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Rohingya refugees deserve international justice

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The UN has termed the events of late last summer as ethnic cleansing — now it’s suggesting genocide

Gulf News
17:01 March 13, 2018

It is a little over six months now since 680,000 Rohingya of Myanmar fled their homes, villages, businesses and communities as they were subjected to an unprecedented orgy of bloodletting, murder, mayhem and violence by security forces. They brought stories of mass murder, whole villages shot and burned to the ground — and the discovery of mass graves in their former homelands and satellite imagery confirms their sad tales.

What is evident is that the extent and scale of the violence shows that it was organised and concerted — with the forces of the government in Myanmar complicit and committed to carrying it out. Fresh minefields were laid in front of fleeing refugees, machine-gun squads spraying automatic fire on unarmed civilians, whole villages burned to the ground with a brutal efficiency that would have made SS troops proud.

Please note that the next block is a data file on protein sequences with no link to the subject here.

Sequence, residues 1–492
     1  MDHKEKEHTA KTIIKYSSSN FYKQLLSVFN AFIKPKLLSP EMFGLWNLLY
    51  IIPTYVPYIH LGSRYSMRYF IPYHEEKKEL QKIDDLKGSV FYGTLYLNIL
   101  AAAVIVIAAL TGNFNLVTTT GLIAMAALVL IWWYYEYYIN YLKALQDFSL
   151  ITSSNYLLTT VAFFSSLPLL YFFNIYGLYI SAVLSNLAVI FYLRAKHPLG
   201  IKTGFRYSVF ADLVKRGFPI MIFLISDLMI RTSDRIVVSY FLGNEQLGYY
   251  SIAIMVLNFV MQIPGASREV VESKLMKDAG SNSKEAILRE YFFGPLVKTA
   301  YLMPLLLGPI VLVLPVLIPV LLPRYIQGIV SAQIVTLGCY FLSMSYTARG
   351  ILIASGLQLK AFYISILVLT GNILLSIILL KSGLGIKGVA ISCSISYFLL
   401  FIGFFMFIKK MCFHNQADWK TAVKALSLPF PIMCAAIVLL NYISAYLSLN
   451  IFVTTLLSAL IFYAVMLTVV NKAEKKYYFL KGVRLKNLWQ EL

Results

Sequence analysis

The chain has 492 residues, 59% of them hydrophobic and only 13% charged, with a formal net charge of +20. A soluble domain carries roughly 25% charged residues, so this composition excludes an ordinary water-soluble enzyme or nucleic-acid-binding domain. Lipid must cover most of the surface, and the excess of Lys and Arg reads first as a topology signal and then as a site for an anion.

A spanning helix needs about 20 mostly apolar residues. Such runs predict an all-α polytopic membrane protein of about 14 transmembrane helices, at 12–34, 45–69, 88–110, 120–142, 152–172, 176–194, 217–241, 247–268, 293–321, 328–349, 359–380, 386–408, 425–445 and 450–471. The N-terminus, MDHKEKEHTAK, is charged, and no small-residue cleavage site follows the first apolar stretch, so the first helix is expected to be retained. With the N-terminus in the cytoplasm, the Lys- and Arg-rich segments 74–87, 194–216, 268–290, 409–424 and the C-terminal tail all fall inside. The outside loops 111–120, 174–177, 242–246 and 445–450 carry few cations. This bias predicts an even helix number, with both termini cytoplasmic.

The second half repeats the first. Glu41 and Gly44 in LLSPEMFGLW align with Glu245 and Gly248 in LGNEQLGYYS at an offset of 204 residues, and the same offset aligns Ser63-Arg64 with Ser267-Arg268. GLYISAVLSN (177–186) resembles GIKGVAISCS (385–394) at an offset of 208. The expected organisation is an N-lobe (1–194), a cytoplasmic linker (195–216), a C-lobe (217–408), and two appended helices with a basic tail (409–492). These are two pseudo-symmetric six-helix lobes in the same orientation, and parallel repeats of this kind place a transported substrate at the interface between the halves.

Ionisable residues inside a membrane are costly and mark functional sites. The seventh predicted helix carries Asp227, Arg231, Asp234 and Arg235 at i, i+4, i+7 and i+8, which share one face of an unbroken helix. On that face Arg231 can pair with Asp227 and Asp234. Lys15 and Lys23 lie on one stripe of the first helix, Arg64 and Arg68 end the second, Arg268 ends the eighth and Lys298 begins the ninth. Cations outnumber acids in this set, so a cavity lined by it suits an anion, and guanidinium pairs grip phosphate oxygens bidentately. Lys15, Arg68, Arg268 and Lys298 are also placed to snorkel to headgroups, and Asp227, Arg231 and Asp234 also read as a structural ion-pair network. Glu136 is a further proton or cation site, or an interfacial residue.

Now, the United Nationals Special Rapporteur on human rights in Myanmar, Yanghee Lee is reporting that the events of late last summer amount to a genocide. Indeed, the dark chapter has already been termed ethnic cleansing by the United Nations.

Those who fled Rakhine state now live in camps in Bangladesh, unwilling to return to their homeland as long as the forces of Aung San Suu Kyi remain in place. She has been stripped of honours, including most recently one from the prestigious United States Holocaust Museum. If indeed there is evidence of genocide — and all indications suggest that it is — all those responsible, including Suu Kyi, must be held accountable. It is not sufficient to say that she stood by and did nothing — for that is all it takes for evil to prosper.

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